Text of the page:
Dead Babies and Japanese Internment

reads like a simple detail, its succinctness perhaps amplifying its horror: “a number of babies died in the hospital.” This statement appears in a monthly report from Unit I of the Poston Japanese-American incarceration camp in Arizona. By the summer of 1942, thousands of Japanese Americans held at Poston had another name for the miles of tarpaper-covered buildings that they called home: “Roasten.” The high desert heat baked their barracks and scorched the earth.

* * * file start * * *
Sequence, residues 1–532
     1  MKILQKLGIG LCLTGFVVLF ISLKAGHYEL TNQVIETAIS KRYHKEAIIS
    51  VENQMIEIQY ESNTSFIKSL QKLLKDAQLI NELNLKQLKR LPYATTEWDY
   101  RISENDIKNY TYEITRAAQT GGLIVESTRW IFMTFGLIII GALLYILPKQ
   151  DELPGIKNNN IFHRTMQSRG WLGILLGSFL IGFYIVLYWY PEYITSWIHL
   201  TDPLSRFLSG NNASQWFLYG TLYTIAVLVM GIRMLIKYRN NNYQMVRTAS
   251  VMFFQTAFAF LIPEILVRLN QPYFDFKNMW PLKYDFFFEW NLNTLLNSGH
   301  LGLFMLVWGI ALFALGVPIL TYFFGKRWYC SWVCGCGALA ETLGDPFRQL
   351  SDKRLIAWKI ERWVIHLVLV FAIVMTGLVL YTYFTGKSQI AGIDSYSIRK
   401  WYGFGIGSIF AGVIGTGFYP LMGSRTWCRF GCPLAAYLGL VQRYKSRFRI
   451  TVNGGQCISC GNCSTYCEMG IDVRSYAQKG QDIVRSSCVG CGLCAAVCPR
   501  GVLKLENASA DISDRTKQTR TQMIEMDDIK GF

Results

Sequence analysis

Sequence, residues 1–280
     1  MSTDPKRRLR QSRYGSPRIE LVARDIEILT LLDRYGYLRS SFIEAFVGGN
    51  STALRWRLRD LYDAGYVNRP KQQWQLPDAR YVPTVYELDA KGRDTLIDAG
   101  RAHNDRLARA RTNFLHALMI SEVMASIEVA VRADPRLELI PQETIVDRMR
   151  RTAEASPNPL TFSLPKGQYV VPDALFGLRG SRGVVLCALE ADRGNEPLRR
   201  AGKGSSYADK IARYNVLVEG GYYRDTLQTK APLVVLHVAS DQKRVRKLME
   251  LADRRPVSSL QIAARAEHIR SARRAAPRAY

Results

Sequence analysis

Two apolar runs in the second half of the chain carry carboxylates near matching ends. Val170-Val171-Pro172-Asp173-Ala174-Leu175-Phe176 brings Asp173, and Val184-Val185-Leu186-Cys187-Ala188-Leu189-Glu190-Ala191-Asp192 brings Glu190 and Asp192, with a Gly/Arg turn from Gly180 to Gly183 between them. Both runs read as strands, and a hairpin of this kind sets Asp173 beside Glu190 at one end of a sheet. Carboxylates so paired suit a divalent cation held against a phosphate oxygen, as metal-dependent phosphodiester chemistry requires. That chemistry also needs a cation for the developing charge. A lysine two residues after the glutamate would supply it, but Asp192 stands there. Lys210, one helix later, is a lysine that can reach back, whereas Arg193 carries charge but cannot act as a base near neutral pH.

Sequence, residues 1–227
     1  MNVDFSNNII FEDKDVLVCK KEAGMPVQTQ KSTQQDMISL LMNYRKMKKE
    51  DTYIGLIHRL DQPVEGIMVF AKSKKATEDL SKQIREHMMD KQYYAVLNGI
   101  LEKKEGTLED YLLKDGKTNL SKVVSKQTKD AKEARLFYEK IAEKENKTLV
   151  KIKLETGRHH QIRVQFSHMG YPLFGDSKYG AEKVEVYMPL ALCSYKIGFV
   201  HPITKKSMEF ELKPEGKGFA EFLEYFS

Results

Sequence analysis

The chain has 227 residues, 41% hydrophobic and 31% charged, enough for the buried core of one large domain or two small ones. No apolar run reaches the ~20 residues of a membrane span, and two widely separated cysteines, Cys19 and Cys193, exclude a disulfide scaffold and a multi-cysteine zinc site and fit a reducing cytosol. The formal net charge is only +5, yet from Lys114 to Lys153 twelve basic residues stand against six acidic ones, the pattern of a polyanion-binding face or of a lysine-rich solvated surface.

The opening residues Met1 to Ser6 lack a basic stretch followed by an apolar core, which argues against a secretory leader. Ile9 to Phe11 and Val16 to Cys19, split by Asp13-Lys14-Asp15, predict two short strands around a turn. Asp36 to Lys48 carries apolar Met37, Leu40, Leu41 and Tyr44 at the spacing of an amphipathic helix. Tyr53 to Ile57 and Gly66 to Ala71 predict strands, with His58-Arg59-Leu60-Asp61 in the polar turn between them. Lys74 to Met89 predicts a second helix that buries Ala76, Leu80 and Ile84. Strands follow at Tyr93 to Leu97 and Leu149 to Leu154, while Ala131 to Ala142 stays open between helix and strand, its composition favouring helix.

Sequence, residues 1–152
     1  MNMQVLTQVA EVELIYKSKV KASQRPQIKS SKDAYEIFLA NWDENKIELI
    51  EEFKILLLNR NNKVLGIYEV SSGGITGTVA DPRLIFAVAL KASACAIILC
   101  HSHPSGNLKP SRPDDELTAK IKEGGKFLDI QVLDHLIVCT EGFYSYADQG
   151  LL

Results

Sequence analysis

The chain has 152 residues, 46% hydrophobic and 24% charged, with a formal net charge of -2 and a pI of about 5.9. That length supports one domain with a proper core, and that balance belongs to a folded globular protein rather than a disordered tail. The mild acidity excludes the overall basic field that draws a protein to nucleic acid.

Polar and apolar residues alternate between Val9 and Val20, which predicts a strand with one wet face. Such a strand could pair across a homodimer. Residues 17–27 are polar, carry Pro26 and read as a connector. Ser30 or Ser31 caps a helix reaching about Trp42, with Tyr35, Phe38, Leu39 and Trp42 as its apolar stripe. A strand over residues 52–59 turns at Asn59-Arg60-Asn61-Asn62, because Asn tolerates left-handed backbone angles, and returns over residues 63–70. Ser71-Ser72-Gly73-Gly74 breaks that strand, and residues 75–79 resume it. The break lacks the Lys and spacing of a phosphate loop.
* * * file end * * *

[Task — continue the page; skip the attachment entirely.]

This is the heat that a “number” of babies — either infants needing special care when they arrived at the camp with their families or newborns — succumbed to while in the hastily-constructed hospital.
Doctors and nurses who worked in the children’s ward reported that the babies died of dehydration. There was no way for the limited number of medical professionals — mostly Japanese-American incarcerees themselves — to alleviate the children’s suffering fast enough.

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